Thirteenth Sunday in Ordinary Time
St. Cyril of Alexandria, bishop and Doctor of the Church (+444 – Alexandria, Egypt).
St. Samson, priest (†560). Doctor of Roman origin, he built a hospital in Constantinople to care for the
poor; reputed to have cured the Emperor Justinian I of an illness.
St. Arialdo, deacon and martyr (†1066). He was cruelly tortured and killed by two priests in Milan, Italy, for his tenacious opposition of simony and depraved customs.
St. Thomas Toan, martyr (†1840). Chief catechist of the mission of Trung Linh, in Nam Đinh, Vietnam, he suffered torture in prison and died of privation.
Blessed Benvenuto of Gubbio, religious (†c. 1232). Franciscan who humbly cared of the sick, living the life of the poor Christ. He died near Bovino, Italy.
Blessed Marguerite Bays, virgin (†1879). Franciscan tertiary from Fribourg, Switzerland, who, without neglecting her life of prayer, untiringly dedicated herself to various works of lay apostolate.
Bl. Louise Thérèse de Montaignac de Chauvance, virgin (†1885). Foundress of the Oblates of the Sacred Heart in Moulins, France. She promoted the restoration of churches and stimulated popular religious fervour.
First Reading – Wis 1:13-15; 2:23-24
God did not make death, nor does He rejoice in the destruction of the living. For He fashioned all things that they might have being; and the creatures of the world are wholesome, and there is not a destructive drug among them nor any domain of the netherworld on earth, for justice is undying. For God formed man to be imperishable; the image of his own nature He made him. But by the envy of the devil, death entered the world, and they who belong to his company experience it.
Responsorial Psalm – 30:2, 4, 5-6, 11, 12, 13 (R.2a)
R. I will praise You, Lord, for You have rescued me.
I will extol You, O LORD, for You drew me clear
and did not let my enemies rejoice over me.
O LORD, You brought me up from the netherworld;
You preserved me from among those going down into the pit. R.
Sing praise to the LORD, you his faithful ones,
and give thanks to his holy name.
For his anger lasts but a moment;
a lifetime, his good will.
At nightfall, weeping enters in,
but with the dawn, rejoicing. R.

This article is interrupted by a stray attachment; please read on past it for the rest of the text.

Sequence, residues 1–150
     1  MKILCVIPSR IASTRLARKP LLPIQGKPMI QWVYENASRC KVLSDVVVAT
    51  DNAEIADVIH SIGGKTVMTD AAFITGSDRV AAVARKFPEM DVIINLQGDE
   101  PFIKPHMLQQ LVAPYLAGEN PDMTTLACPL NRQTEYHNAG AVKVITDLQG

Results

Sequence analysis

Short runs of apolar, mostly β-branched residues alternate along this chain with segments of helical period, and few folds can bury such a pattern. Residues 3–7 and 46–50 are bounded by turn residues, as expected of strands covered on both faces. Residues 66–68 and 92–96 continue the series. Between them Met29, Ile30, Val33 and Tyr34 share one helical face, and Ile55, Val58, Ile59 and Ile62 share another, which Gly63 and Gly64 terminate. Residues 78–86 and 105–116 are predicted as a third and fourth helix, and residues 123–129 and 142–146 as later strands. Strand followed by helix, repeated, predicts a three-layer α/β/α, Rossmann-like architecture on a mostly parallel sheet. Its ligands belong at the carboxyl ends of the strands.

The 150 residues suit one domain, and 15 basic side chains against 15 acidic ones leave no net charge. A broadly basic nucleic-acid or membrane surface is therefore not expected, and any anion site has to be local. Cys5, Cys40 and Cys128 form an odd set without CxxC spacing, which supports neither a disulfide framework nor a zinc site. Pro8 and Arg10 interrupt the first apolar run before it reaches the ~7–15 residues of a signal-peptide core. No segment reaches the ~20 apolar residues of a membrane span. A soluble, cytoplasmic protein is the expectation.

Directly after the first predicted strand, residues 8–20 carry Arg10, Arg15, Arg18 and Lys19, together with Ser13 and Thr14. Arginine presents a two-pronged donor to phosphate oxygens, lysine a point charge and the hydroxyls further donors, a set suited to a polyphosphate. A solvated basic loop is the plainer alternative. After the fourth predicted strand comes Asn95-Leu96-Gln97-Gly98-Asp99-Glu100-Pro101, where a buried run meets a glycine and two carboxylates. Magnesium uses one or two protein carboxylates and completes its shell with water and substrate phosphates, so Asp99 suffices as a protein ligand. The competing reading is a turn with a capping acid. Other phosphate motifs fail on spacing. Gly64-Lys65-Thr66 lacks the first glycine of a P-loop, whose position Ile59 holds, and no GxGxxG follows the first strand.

Hear, O LORD, and have pity on me;
O LORD, be my helper.
You changed my mourning into dancing;
O LORD, my God, forever will I give You thanks. R.
Second Reading – 2 Cor 8:7, 9, 13-15
Brothers and sisters: As you excel in every respect, in faith, discourse, knowledge, all earnestness, and in the love we have for you, may you excel in this gracious act also. For you know the gracious act of our Lord Jesus Christ, that though He was rich, for your sake He became poor, so that by his poverty you might become rich. Not that others should have relief while you are burdened, but that as a matter of equality your abundance at the present time should supply their needs, so that their abundance may also supply your needs, that there may be equality. As it is written: Whoever had much did not have more, and whoever had little did not have less.
Gospel – Mk 5:21-43 or 5:21-24, 35b-43
When Jesus had crossed again in the boat
to the other side,
a large crowd gathered around Him, and he stayed close to the sea.
One of the synagogue officials, named Jairus, came forward.
Seeing Him he fell at his feet and pleaded earnestly with Him, saying,
“My daughter is at the point of death.
Please, come lay your hands on her
that she may get well and live.”
He went off with him,
and a large crowd followed him and pressed upon Him.
There was a woman afflicted with hemorrhages for twelve years.
She had suffered greatly at the hands of many doctors
and had spent all that she had.
Yet she was not helped but only grew worse.
She had heard about Jesus and came up behind Him in the crowd
and touched his cloak.
She said, “If I but touch his clothes, I shall be cured.”
Immediately her flow of blood dried up.
She felt in her body that she was healed of her affliction.
Jesus, aware at once that power had gone out from Him,
turned around in the crowd and asked, “Who has touched my clothes?”
But his disciples said to Jesus,
“You see how the crowd is pressing upon You,
and yet You ask, ‘Who touched me?’”
And He looked around to see who had done it.
The woman, realizing what had happened to her,
approached in fear and trembling.
She fell down before Jesus and told Him the whole truth.
He said to her, “Daughter, your faith has saved you.
Go in peace and be cured of your affliction.”
While He was still speaking,
people from the synagogue official’s house arrived and said,
“Your daughter has died; why trouble the teacher any longer?”
Disregarding the message that was reported,
Jesus said to the synagogue official,
“Do not be afraid; just have faith.”
He did not allow anyone to accompany him inside
except Peter, James, and John, the brother of James.
When they arrived at the house of the synagogue official,
he caught sight of a commotion,
people weeping and wailing loudly.
So he went in and said to them,
“Why this commotion and weeping?
The child is not dead but asleep.”
And they ridiculed Him.
Then he put them all out.
He took along the child’s father and mother
and those who were with him
and entered the room where the child was.
He took the child by the hand and said to her, “Talitha koum,”
which means, “Little girl, I say to you, arise!”
The girl, a child of twelve, arose immediately and walked around.
At that they were utterly astounded.
He gave strict orders that no one should know this
and said that she should be given something to eat.